would be used to secure the release of her brother. [Note 6] The sister contacted the defendant on November 10, 1988, to find out why her brother had not been released. She told the defendant at that time that she had an additional $500 to put toward the amount he previously had requested for her brother's bail. The defendant visited the sister on November 10, 1988, and took the additional $500 from her, promising her again that her brother would be released. The defendant contacted the sister one more time and requested an additional $500 for her brother's release. The defendant had the sister follow him to a District Court to retrieve the $500 that she had posted there on an unrelated charge so that she might give it to him. The sister refused to give the defendant any more money.
1. The defendant and the sister agreed on November 4, 1988, that the defendant would use the money to post bail for John. The collection and posting of bail is a matter in which the State has an interest. An agency relationship was created in these circumstances, whereby the defendant, by agreement, acting on behalf of the sister was to post her brother's bail with the money he received from her. This is precisely the sort of behavior the statute has been interpreted to prohibit. See Commonwealth v. Cola, 18 Mass. App. Ct. 598 , 610-611 (1984), habeas corpus granted on other grounds sub nom. Cola v. Reardon, 787 F.2d 681 (1st Cir. 1986), where this court stated that Section 4(c) comes into play when there is a palpable link between the private person doing business with the government and the government employee, whereby the latter is bound -- or appears to be bound -- to speak and act on behalf of the former.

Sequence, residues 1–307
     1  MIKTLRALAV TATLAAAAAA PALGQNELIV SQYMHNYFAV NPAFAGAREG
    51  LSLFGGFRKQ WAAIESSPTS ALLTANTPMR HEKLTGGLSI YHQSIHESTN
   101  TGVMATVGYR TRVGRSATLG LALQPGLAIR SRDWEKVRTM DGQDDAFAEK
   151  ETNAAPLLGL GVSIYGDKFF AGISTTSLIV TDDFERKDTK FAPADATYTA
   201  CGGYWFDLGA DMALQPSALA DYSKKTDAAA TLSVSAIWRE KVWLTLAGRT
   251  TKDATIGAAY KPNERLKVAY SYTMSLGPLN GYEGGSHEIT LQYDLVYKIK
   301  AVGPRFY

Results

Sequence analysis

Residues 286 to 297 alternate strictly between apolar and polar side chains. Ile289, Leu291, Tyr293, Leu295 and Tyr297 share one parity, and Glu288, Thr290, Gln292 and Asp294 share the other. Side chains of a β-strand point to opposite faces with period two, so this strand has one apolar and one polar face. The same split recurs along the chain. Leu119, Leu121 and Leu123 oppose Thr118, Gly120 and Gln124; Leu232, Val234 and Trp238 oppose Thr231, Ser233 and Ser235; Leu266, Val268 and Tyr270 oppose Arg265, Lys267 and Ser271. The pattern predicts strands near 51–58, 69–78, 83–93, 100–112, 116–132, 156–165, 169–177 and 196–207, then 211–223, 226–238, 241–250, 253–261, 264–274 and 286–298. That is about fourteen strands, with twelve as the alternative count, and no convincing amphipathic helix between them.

2. The defendant's argument that his conduct does not meet the statutory purposes of G. L. c. 268A, Section 4(c), is off the mark. The statute speaks to the potential for divided loyalties that may result from acting for a private interest while employed by the Commonwealth. This is precisely the type of temptation or conflict that the defendant was faced with
when he accepted the money from John's sister. The defendant was holding bail money for a private individual while his position required that he attempt to keep John in custody. See Commonwealth v. Cola, 18 Mass. App. Ct. at 611.
3. The defendant's final argument, made for the first time on appeal, that the judge's instructions were flawed is without merit. The defendant's specific complaint is that the judge failed to instruct the jury that the statute (i.e., Section 4[c]) requires that some form of private interest or benefit inure to the employee. The short answer to that contention is that there is no such statutory requirement. The judge did not err, let alone create a substantial risk of a miscarriage of justice.
[Note 1] The defendant was found not guilty on two related offenses of larceny by false pretenses.
[Note 2] A similar motion made at the close of all the evidence also was properly denied. See Commonwealth v. Hastings, 22 Mass. App. Ct. 930 , 931 (1986), and cases cited.
[Note 3] We summarily dismiss the defendant's version of the events (as well as what was his stated intent) because the jury certainly were not obliged to credit his testimony.
[Note 4] We use a pseudonym.
[Note 5] A detainer is filed to block a youth who is already committed to the custody of the DYS from posting bail and being released.
[Note 6] The defendant makes much of the receipt he gave the sister for the money. For purposes of our analysis, the fact is irrelevant.